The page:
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Suzette Iverson, PA-C
By Suzette Iverson, PA-C on April 01, 2024

Testosterone Therapy for Women: What Does the Evidence Say?

The buzz around hormone therapy for cisgender women is undeniable, with a surge of interest in testosterone. Big shoutout to Emilie, one of our astute RAP listeners, for spotlighting this topic! (Psst, you can also listen to us unpack this further on Primary Care RAP’s April episode).

The When and Why of Testosterone Therapy

Testosterone therapy only has one clear, evidence-backed role in cisgender women: boosting low sex drive post-menopause.

The International Society for the Study of Women’s Sexual Health released guidelines in 2021 for using testosterone to treat Hypoactive Sexual Desire Disorder (HSDD). This disorder isn’t just about lacking desire – it’s also about the stress it causes, and it’s often just referred to by patients as having a “low sex drive.”

These guidelines endorse using transdermal testosterone for women grappling with HSDD. A quick heads-up: no testosterone products for women have snagged FDA approval yet, so this treatment is entirely off-label.

What You Need to Know: Benefits vs Risks

Improved sex drive is the only proven benefit of testosterone therapy in cisgender women. Don’t expect miracles beyond that: studies have not shown that testosterone improves bone density, cognition, or body composition in women.

As for risks, short-term use appears relatively safe. Increased acne and hair growth are common side effects, but worries about voice deepening or clitoromegaly at typical doses are unfounded. There is no effect on cholesterol with transdermal preparations and no effect on breast cancer risk in short-term studies.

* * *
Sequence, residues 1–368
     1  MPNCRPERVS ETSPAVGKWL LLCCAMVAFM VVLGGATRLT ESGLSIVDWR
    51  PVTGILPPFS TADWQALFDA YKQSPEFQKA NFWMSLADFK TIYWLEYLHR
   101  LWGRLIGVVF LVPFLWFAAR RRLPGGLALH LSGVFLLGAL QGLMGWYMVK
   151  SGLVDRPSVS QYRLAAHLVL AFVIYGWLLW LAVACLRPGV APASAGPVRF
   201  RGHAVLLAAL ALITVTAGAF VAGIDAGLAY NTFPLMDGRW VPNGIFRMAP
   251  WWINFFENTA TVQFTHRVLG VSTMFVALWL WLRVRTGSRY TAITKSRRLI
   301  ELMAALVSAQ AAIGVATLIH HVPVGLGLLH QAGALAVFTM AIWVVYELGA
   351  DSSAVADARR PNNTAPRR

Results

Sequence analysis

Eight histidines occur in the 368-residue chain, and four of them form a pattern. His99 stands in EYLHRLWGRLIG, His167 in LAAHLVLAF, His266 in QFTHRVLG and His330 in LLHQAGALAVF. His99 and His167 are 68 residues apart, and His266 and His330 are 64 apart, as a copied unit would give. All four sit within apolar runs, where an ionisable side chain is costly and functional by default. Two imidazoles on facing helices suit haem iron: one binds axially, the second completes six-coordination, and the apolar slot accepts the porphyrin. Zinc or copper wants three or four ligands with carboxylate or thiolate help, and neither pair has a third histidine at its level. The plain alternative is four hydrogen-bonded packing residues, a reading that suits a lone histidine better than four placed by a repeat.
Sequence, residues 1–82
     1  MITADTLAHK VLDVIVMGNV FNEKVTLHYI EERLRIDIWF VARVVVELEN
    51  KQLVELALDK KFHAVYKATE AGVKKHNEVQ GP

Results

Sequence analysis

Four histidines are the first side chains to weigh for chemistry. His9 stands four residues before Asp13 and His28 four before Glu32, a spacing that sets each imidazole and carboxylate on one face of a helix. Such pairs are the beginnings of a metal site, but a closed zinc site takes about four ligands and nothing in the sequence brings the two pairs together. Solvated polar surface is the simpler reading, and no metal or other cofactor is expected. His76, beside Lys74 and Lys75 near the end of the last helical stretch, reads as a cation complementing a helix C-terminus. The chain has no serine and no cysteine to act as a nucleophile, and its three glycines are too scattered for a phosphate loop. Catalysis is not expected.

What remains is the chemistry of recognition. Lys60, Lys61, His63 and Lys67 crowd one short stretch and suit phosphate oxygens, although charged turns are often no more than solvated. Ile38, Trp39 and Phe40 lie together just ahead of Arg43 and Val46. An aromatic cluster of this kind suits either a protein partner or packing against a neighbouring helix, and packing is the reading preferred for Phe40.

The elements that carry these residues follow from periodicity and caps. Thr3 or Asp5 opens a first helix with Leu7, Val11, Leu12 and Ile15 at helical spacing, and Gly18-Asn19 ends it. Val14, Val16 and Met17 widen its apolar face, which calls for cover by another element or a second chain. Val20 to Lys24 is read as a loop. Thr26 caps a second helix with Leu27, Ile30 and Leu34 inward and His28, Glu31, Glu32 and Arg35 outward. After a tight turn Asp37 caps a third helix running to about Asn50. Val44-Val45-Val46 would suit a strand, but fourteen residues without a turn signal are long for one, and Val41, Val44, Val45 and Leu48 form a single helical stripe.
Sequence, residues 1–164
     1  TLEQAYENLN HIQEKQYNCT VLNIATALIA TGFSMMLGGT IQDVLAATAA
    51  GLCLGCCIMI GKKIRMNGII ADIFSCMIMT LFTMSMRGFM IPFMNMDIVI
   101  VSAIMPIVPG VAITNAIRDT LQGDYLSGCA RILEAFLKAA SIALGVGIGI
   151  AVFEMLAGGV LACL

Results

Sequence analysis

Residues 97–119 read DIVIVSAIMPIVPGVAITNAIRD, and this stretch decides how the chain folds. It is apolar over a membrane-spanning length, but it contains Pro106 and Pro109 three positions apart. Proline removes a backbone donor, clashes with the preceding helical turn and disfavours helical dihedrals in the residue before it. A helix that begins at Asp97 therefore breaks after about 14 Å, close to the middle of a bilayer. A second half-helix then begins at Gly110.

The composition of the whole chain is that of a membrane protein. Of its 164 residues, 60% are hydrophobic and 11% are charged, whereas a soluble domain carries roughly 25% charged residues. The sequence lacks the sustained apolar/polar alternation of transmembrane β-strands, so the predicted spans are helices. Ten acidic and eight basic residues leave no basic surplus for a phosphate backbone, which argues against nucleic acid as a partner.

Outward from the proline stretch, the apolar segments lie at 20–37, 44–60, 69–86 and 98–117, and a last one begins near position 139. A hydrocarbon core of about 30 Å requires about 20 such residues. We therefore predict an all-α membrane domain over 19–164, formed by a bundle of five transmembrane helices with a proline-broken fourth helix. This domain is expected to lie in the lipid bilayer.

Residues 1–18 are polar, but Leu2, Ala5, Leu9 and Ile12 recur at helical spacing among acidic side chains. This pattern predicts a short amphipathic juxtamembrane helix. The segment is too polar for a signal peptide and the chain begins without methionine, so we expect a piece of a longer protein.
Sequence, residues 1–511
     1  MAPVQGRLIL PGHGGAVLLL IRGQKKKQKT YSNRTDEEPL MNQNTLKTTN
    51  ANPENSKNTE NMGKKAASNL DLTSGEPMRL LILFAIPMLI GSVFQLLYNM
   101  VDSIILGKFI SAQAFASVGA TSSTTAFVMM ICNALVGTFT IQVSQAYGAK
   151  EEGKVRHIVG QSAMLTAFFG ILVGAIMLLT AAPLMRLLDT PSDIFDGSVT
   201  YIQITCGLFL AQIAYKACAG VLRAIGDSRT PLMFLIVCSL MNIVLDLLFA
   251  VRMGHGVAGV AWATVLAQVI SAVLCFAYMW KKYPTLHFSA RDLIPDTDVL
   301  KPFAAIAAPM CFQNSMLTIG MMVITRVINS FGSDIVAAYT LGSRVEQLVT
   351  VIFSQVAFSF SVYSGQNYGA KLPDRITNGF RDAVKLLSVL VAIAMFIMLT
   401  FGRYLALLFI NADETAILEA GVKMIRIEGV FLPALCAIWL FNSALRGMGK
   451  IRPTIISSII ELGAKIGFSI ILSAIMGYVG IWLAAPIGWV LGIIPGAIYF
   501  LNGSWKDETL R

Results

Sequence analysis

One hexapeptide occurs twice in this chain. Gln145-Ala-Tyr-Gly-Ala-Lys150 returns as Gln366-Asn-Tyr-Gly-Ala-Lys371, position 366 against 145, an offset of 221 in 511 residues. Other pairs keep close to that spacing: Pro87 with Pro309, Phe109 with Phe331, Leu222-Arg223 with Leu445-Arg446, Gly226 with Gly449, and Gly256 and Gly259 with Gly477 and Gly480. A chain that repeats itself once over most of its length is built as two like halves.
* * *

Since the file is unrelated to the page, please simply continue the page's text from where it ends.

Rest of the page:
However, long-term safety has not been established. Furthermore, we don’t know about the risks of DVT or cardiovascular disease because in the few studies evaluating this, women were taking estrogen at the same time.

How To Prescribe Testosterone Therapy for Women

Considering starting testosterone therapy for a patient? First, ensure they fit the criteria for HSDD. You don’t need check testosterone levels, as they don’t directly tie to HSDD’s presence or severity. 

Without any FDA-approved women-specific testosterone products, the recommended way to treat women with HSDD is to prescribe an FDA-approved transdermal testosterone product at a fraction of the dose recommended for men. 

Oral formulations should be avoided because they have a higher risk of dyslipidemia, and IM and pellet forms of testosterone have resulted in supraphysiologic levels in women. Compounded formulations are not recommended because of a lack of efficacy and safety data. Tread carefully due to lack of efficacy and safety data, and always vet your compounded pharmacy thoroughly for compliance with industry standards for quality and safety.

Frequently Asked Questions About Testosterone Therapy

Q: What are the indications for testosterone therapy in cisgender women? 

A: There is only one indication for testosterone treatment in postmenopausal women: hypoactive sexual desire disorder. 

Q: Is testosterone therapy in cisgender women safe?

A: There are risks and benefits to giving postmenopausal women testosterone, but short-term therapy with transdermal testosterone has been shown to be pretty safe.

Q: How should I prescribe testosterone therapy to women with hypoactive sexual desire disorder?

A: There are no FDA-approved products on the market, so you are stuck with either low doses of transdermal products designed for men or compounded products. Compounded products are not recommended due to concerns about efficacy and safety.

For more information on prescribing testosterone therapy for cisgender women, check out "Testosterone Therapy in Cisgender Women" on April's episode of Primary Care Reviews and Perspectives!


Davis SR, Baber R, Panay N, et al. Global Consensus Position Statement on the Use of Testosterone Therapy for Women. J Clin Endocrinol Metab. 2019;104(10):4660-4666. PMID: 31498871

Parish SJ, Simon JA, Davis SR, et al. International Society for the Study of Women's Sexual Health Clinical Practice Guideline for the Use of Systemic Testosterone for Hypoactive Sexual Desire Disorder in Women. J Sex Med. 2021;18(5):849-867. PMID: 33814355

Published by Suzette Iverson, PA-C April 1, 2024
Suzette Iverson, PA-C